Alison Snyder has been appointed chair of the Department of Interior Design at Pratt Institute. She assumed the role on August 1, 2016, succeeding acting chair Karin Tehve, who has stepped down after two years of service to join the full-time faculty.

Snyder brings extensive expertise in interior design and design education to the position. She comes to Pratt after teaching in the University of Oregon’s Department of Architecture for 19 years, where she directed the Interior Architecture Program (2007-2014) and co-directed the launch of the Product Design Program (2007-2008). She has also taught on the faculty of Pratt Institute, the New York Institute of Technology, and Philadelphia University, and has held visiting teaching positions in Denmark and Turkey.

Snyder’s pedagogical interests concern the intersections among architecture, art, place, and the interior. Her research draws from her archaeological and global-oriented scholarship, and includes urban and rural field-based investigations that expose change in Turkey’s built environment. Snyder has presented work in numerous symposia in the United States, Europe, and Asia. A sampling of Snyder’s work has been published in books including The Handbook of Interior Architecture and Design (Berg Publishers, 2013); Global Grounds: the specificities of urban change within globalization (Nova, 2009); and A Historical Archaeology of the Ottoman Empire (Klewer, 2000).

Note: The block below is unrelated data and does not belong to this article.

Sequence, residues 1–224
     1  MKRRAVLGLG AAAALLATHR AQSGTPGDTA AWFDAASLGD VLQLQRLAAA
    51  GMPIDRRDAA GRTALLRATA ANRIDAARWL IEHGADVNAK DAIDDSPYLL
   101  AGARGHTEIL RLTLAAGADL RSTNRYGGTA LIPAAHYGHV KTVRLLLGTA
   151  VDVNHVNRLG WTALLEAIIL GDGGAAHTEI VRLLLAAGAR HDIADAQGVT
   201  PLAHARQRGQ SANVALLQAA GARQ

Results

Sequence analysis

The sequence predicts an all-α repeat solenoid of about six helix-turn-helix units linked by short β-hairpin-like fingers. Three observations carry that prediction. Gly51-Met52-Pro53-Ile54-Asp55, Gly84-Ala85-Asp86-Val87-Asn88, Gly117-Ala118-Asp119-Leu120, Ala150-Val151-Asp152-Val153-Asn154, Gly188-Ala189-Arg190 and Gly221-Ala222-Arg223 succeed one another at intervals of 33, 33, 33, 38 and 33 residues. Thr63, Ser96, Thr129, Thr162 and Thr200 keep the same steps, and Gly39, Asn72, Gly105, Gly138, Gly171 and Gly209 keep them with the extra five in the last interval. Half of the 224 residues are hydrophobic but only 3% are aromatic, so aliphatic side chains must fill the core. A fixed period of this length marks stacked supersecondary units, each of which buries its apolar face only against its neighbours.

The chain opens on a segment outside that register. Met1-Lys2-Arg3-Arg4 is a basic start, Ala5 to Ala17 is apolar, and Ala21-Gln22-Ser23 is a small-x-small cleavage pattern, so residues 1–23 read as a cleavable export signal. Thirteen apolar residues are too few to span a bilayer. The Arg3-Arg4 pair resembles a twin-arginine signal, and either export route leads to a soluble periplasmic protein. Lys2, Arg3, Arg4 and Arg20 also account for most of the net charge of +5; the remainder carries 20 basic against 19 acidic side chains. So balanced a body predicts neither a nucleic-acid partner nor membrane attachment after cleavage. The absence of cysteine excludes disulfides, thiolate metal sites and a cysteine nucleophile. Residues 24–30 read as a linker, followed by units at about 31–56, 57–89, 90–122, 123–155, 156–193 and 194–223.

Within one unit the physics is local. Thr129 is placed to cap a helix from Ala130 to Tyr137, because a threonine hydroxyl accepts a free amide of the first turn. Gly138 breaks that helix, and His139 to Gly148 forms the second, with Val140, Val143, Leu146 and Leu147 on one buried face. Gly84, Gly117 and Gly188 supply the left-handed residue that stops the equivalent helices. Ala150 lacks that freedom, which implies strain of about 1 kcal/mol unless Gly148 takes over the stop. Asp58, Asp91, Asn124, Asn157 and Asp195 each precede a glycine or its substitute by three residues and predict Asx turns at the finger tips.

“It’s wonderful to have Alison return to Pratt and we look forward to the unique perspective on the relationship between the urban environment and the interior that she will bring to the department,” said Anita Cooney, dean of the School of Design.

As chair, Snyder will lead Pratt’s Interior Design Department, which includes approximately 350 students and 80 faculty. The Department’s undergraduate and graduate programs are among the highest ranked in the country.

It’s very exciting to come back to Pratt and have the opportunity to help build on the Interior Design Department’s strong national reputation for creative and responsible design,” said Snyder. “I am looking forward to helping nurture new pedagogy that continues to reach into New York and beyond, and that touches on the most pressing and important issues developing in the discipline.”

Snyder holds an M.Arch. from the Graduate School of Architecture, Planning, and Preservation at Columbia University and a B.A., major in architecture, from Washington University in St. Louis, and is a licensed architect.